Instead of pursuing a college degree at all, many young people are trying their hand at entrepreneurship, attempting to bypass the college debt and discouraging job search.
What Will We Be?
When I speak to members of the older generation, many of them convey a similar sentiment of worry for the current younger generation: my generation. They worry about how we will find a spouse in the age of online dating. They wonder how we will pay off our student loan debts on a freelancer’s pay rate. They hope that we will make the right choices as more and more people become morally disillusioned by the need for more wealth, more possessions, and more pleasure.
It’s difficult to say what we will be. Or who we will be.
The facts are on our screens though. One in four people worldwide will be affected by mental illness at some point in their lives. Most appallingly, 10–20 percent of children experience mental illness worldwide today.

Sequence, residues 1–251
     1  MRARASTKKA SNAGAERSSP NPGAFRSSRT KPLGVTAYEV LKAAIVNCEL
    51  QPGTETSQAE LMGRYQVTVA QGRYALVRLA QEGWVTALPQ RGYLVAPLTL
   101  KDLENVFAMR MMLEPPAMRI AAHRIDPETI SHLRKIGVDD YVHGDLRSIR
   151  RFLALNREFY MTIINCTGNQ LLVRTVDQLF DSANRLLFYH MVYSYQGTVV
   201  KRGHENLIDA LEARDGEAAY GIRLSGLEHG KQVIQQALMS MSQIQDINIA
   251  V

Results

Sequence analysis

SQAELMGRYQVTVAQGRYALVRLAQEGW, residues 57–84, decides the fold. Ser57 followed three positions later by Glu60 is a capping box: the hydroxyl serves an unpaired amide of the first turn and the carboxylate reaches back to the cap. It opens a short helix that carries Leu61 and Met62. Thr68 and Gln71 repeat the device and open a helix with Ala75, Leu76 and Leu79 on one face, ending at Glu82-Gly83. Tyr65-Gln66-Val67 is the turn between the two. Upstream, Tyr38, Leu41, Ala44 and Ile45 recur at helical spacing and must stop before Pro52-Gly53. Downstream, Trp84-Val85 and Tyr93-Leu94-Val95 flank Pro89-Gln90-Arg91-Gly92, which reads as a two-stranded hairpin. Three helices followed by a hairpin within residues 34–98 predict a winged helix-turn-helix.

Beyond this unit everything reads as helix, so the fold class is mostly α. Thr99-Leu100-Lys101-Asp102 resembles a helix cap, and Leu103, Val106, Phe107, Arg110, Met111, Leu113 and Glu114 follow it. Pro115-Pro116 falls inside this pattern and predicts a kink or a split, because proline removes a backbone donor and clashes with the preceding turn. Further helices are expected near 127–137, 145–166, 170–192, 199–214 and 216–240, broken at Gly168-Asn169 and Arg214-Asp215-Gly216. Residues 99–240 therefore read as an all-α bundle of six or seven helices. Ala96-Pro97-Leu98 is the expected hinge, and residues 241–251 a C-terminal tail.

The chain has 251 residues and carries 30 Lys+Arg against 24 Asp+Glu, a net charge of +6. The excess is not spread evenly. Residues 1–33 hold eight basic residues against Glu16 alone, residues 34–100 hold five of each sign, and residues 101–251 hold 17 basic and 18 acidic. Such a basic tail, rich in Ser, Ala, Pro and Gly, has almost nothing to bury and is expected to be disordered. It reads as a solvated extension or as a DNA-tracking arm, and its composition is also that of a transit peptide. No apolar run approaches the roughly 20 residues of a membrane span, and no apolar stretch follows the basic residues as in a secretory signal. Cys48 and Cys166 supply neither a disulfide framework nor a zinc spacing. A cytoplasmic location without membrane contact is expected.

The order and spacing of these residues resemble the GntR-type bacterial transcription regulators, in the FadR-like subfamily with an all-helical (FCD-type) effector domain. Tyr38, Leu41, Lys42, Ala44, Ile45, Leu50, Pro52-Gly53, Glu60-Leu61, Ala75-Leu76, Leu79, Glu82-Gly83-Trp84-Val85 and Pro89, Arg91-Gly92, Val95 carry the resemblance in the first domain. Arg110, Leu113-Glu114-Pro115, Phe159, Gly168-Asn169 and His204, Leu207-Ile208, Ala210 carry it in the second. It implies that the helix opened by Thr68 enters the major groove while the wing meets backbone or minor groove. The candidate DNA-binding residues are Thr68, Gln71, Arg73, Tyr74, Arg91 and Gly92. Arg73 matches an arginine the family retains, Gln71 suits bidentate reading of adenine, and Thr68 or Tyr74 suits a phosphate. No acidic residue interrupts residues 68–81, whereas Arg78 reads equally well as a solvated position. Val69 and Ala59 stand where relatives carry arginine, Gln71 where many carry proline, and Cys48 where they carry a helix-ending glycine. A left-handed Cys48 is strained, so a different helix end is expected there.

There’s no doubt in my mind that we are living in a transition period in human history right now. A technological one at that. One in which we haven’t quite figured out what or who will lead us into the future. We don’t know who we will bow down to or the values we will create.
As we continue to live or struggle to survive, we should keep in mind that there are many generations ahead of us that will need our help in making the right choices to create a better world for them to live in. We should make those generations proud that we were able to work together and achieve something better in our time.